Written evidence submitted by RNID (CVD0043)

RNID Submission of Evidence

Coronavirus, disability and access to services

Women and Equalities Committee

03 December 2020


In addition to the written and oral evidence already submitted by RNID, the below gives an update on one of the key issues discussed – accessible communications.


There has been some limited progress in this area. The appointed Senior Lead for Accessible Communication, delegated her responsibility for liaising with ourselves and other leading disability charities, to the National Resilience External Affairs team. We have been meeting with this team regularly and there has been some progress, for example, the team consulted us on the accessibility of their summer campaign. We have also been working with them on an accessibility checklist for local lockdown areas – though the final version of this is yet to be completed as far as we are aware (which is obviously some months after local lockdowns began and local information to date has had significant issues with accessibility).


There remain many significant gaps, however. With regard to the steps we asked Government to take on broadcast media, for example, this has not progressed. For ministerial press conferences and announcements, there is a British Sign Language (BSL) interpreter on the BBC News channel. Having no BSL interpreter on the main channels however, is seen by the community as othering. Many also remain unaware that there is a BSL interpreter on the BBC News channel. Furthermore, where press conferences are led by non-ministerial officials, such as the Chief Medical Officer, regardless of the importance of content, there is no BSL interpreter available on any channel. Where ministerial press conferences and announcements continue beyond one hour, the BSL interpreter on the BBC News channel has also disappeared with no explanation.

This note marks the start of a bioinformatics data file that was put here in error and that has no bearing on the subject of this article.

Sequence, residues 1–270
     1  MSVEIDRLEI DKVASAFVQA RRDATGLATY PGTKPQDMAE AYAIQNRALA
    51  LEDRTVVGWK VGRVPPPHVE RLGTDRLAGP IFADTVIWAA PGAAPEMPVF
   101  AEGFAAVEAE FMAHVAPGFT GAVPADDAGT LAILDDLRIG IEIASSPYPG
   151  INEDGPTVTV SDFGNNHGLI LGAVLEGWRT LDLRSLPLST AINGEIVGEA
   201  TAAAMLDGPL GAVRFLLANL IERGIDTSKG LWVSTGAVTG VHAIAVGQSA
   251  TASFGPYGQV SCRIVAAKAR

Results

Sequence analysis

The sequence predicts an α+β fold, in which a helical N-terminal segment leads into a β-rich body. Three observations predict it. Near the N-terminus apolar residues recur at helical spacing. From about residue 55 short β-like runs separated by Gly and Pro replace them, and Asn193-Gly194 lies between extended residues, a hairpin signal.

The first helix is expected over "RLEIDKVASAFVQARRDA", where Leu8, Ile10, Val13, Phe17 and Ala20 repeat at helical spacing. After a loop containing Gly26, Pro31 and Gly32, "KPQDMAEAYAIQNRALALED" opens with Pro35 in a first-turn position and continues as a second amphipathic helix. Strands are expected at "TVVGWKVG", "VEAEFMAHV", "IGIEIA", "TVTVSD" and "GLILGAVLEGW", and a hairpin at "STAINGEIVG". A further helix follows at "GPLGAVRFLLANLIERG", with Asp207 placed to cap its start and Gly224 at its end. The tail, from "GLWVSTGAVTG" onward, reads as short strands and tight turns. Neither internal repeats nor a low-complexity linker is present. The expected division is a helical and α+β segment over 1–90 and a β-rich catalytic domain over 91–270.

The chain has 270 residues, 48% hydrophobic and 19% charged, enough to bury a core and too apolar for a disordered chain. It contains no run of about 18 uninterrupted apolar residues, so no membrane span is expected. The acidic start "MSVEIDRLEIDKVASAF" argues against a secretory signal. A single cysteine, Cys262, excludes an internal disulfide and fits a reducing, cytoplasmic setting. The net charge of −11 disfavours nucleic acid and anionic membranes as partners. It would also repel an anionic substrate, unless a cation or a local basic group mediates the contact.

With regard to other issues outlined in the shopping list - previously mentioned and issued to the Cabinet Office in May (see Appendix 1 below) - other examples of remaining gaps include:

-          We called for a BSL explainer for the Test and Trace App. This is yet to be developed and the app remains inaccessible to BSL users.

-          There are no references to BSL in the new Government social media accessibility guidelines.

-          The Video Relay Service, which is now available for the 119 Test and Trace line, as well as other phone lines, has not been advertised, so many are unaware that this facility exists. We did a survey on social media to ask whether people were aware that the 119 number was available via video relay, 93% said they were not. We also continue to receive queries to our information line about how to get in touch with the service.


In addition, and significantly - in light of previous very clear recommendations on this issue from ourselves and others - the round of letters issued to the extremely vulnerable group in November were sent in inaccessible formats with no reference to where people may be able to access these. See our press release issued on this here - https://rnid.org.uk/about-us/media-centre/press-releases/not-accessible-not-acceptable/


We remain extremely concerned therefore, that after such an extended period, accessibility is still not being built into Government communications systematically or from the outset.


Appendix 1


As a group of leading disability charities, championing the rights of people with sight and hearing loss, deaf people, autistic people, people with learning disabilities and people with complex disabilities, we very much welcome your appointment as the Senior Lead on Accessible Information. We, and the communities we represent, look forward to working with you to ensure all government departments fulfil their legal obligations regarding accessible information and that accessibility is built into all government communications from the outset.